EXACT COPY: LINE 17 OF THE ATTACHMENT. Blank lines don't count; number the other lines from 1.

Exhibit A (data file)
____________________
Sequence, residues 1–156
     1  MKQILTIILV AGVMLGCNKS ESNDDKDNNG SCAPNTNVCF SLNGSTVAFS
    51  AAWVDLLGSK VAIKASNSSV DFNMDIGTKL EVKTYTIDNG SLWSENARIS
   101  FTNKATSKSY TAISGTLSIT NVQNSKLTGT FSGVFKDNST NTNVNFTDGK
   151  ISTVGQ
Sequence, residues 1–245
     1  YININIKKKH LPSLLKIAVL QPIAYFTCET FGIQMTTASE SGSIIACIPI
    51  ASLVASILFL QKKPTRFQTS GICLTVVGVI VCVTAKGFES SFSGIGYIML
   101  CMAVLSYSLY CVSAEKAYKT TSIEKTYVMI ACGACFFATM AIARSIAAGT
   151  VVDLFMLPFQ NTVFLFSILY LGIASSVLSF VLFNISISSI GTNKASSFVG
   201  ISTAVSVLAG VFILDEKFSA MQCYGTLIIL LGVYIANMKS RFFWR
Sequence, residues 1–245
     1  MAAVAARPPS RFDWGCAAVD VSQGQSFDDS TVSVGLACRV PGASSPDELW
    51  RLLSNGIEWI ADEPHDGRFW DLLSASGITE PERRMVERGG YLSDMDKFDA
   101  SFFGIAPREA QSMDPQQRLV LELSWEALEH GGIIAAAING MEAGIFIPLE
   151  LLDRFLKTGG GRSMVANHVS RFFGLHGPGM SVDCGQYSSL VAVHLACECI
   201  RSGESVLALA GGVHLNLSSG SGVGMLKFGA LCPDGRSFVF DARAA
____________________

   201  RSGESVLALA GGVHLNLSSG SGVGMLKFGA LCPDGRSFVF DARAA